One of New Zealand's biggest schools, Macleans College, has cancelled its Year 13 graduation dinner after at least 100 students drank alcohol at parties on the morning of their last day at school.
Principal Steve Hargreaves said it was the first time the annual dinner had been cancelled since it started in 1998.
A student said police were called to one of the parties before school on Wednesday November 6 where about 30 or 40 students were drinking alcohol in their school uniforms.
She said about 20 students attended another party where alcohol was also consumed on that day, but the decision to cancel the graduation dinner affected all 450 Year 13 students, most of whom did not attend the parties.
A photo circulating on social media shows more than a dozen students in school uniform drinking alcohol and making rude gestures at the camera.
In an email to parents today, Hargreaves said he had been made aware of a "large number" of end-of-year parties, which had happened on the morning of November 6 and on the last day of Term 3.
"Alcohol was served at these parties. Disappointingly, with parental oversight in some cases," he wrote.
"The school cannot accept nor condone the attendance of students at parties such as these before school or in uniform.
"The practical sanctions available to the school at this time of year are limited, however, we must respond to this disappointing breach of trust in a manner that makes it clear to our student community that it is unacceptable to host or attend parties before school where alcohol is being consumed."
He told parents the school had "lost trust" that students would be attending the graduation dinner without having drunk alcohol, and said for that reason he had cancelled the dinner, due to take place at the Ellerslie Racecourse on November 28.
Many students who hadn't gone to the parties would also be affected, he wrote. But if every student who had attended was banned from the dinner it would effectively "leave us with a function that is no longer a celebration of our students' final year at Macleans."
Hargreaves offered all students a full refund for the $85 dinner.
The student said "everyone was really upset" by the decision.
"A lot of us paid for it. I bought a dress a long time ago and I was booking hair and make-up appointments. Everyone treats it like another ball," she said.
"It's speeches and a sit-down dinner and everything. From what I've heard, it's pretty formal.
"It's happened every year forever. This is the first time that I'm aware of that they have cancelled it.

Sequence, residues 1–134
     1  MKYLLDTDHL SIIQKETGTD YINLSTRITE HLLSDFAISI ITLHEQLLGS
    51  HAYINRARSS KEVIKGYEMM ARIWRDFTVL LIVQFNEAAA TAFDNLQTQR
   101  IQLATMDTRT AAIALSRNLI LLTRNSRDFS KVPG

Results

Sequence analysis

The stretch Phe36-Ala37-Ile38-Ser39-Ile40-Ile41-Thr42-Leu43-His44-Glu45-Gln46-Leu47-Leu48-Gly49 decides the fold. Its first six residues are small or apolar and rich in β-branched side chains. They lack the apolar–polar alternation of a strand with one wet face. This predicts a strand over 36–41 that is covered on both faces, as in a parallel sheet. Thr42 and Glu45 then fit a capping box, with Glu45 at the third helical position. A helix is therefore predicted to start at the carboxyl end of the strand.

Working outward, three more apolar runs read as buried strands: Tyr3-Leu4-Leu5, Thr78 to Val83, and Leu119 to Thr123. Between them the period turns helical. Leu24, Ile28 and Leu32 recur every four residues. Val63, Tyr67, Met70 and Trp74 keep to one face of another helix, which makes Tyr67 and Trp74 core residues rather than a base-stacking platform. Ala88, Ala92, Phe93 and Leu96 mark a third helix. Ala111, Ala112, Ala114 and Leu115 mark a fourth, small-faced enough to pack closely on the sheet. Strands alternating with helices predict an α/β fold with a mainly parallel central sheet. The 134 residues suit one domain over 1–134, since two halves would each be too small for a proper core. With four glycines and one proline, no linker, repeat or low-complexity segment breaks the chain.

"On the last day of school there's a pretty big drinking culture every year, I've seen it for the past five years, it's just what happens. The teachers know but they have never done anything about it."
She said a neighbour called police to the party in Mellons Bay but the police determined that most of the students were 18 and were not breaking the law by drinking at a private house.
The neighbour then called the school because the students were in school uniform.
Hargreaves said he and a deputy principal went straight to the address and found the party "still going hard" when they got there at about 8.15am.
"They were drinking to excess. The police came. It was out of control," he said.
"We got about 30 kids' names from photos taken by the neighbour and talking to the students.
"They were not all under 18, because I have checked some of the birth dates. There's no way that we can sit by and think it's perfectly fine to drink alcohol in school uniform and then attend school."
He told the students not to come to school, but they came anyway.
He said the students then told him about several other parties and he realised that at least 100 students were involved.
Only 178 of the 450 Year 13 students had actually bought tickets to the dinner.
"Once we had removed the 100 or so that we knew about, it would have been down to an event of about 70 people, and I'm not going to run an event for 70 kids because that would not be a celebration of our final year," he said.
Ironically, he said, the dinner was started in 1998 because the annual ball in that year was cancelled "because of drinking".
But he said numbers attending the dinner had been dwindling for several years and its future was in doubt even before last week.
"We are going to rethink the whole farewell graduation process for next year, maybe involving alumni and maybe during the day, maybe a bit more meaningful," he said.
He said the college had paid a deposit for the event but the venue had been "understanding" and "have almost refunded the entire amount".
A police spokesman said police received a report at approximately 7.30am on November 6 about a group of people drinking at a Mellons Bay address.
"Police attended the scene and spoke to a person who lives at the address," he said. "No offence was detected and police subsequently left the scene."